With an increasing number of customers being tech-savvy, internet banking and mobile banking are emerging as a must have. IFM spoke to Mike Davies, Vice-President (EMEA North), GMC Software Technology,about what banks need to do to retain customers.
The latest research by British Bankers Association (BBA) highlights that 65% of bank customers are not fully satisfied with the services offered to them. Why this dissatisfaction?
This dissatisfaction with banking services stems from multiple sources.It’s worth remembering that a general dissatisfaction with banks as a result of the banking crises in 2008 still persists and is likely to be one factor which influences opinion. Although one large factor that banks can control is their failure to adapt to the pace of technological change in the same way that other high street retail brands have. A big part of this failure to adapt are the legacy systems that the banks have to operate with, which has slowed down and increased the cost of modernisation for the banking industry immensely.
Banks haven’t taken the step to start to use technology not just as a conduit to push messages, but as a channel through which they can begin to learn customer preferences, and begin to cultivate loyalty through personalisation. In short, banks haven’t listened to their customers for a very long time, and appear to be missing the opportunity for listening that modern technology brings.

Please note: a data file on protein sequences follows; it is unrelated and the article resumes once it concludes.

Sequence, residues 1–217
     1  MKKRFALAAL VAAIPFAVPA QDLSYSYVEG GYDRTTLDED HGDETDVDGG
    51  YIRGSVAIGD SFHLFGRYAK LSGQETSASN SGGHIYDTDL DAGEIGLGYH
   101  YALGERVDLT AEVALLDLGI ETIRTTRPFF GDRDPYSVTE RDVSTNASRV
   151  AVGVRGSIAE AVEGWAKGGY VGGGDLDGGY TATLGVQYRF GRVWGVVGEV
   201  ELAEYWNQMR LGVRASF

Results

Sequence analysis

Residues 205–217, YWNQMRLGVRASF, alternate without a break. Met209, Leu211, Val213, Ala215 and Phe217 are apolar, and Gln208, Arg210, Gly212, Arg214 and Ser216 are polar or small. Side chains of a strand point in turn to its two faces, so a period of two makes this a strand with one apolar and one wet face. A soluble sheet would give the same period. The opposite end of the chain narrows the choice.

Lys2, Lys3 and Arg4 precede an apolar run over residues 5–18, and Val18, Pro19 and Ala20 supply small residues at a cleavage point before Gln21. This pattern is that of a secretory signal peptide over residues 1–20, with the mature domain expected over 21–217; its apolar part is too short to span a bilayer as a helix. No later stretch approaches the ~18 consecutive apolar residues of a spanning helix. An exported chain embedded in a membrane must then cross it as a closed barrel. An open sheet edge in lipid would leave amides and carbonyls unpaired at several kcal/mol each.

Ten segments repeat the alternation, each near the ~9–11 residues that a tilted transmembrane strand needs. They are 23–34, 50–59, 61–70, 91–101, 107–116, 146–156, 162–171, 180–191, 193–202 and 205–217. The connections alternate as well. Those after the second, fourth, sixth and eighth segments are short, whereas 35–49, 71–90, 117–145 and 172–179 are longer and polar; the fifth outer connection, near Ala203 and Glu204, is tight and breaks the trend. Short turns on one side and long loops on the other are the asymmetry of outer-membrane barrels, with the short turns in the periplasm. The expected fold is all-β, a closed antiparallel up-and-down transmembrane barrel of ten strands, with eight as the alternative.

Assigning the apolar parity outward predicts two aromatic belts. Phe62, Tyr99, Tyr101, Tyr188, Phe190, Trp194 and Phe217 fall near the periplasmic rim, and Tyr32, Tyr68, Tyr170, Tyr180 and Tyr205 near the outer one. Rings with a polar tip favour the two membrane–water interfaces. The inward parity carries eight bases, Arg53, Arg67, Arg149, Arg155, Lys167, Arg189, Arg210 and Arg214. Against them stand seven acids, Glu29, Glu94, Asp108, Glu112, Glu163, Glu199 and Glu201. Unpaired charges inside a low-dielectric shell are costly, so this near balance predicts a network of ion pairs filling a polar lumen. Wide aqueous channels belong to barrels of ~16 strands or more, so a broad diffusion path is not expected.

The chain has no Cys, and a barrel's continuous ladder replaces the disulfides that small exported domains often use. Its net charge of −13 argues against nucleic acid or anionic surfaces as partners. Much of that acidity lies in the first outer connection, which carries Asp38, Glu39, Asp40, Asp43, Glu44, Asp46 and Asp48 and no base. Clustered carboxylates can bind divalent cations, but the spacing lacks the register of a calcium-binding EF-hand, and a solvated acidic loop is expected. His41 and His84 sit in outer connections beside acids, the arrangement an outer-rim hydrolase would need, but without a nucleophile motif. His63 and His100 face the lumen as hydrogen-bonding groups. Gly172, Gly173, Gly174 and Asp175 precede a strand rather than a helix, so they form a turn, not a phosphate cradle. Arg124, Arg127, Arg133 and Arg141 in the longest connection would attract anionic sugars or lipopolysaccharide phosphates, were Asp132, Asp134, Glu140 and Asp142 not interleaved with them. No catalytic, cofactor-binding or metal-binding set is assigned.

Couple this failure to adapt with tech-savvy retail brands beginning to offer their own financial services, and we find customers have genuine choice in how they manage their services for the first time in many years.
In such a scenario, what key measures or technologies would improve satisfaction levels?
Banks must become much more “available” than they are presently. The adaptation of banking services to digital channels (regardless of form factor of device) will be critical in achieving this.And, it has to be said that banks are cognizant of this issue and are investing in the technology needed to make this happen. What may go overlooked is the wider point on how more modern technology is utilised.
Banks must fully realise the role personalised communications and offers play in developing loyalty with customers, or risk a steady flow of customers defecting to retail brands who have made significant investments in customer communications management tools and, consequentially, have become very adept at communicating with customers how they want, when they want. This will become especially important as newer generations are far less likely to simply default to the standard banks — preferring more digitally savvy and communicative options.
From a bank’s perspective, what could be the key challenges associated with internet/mobile banking?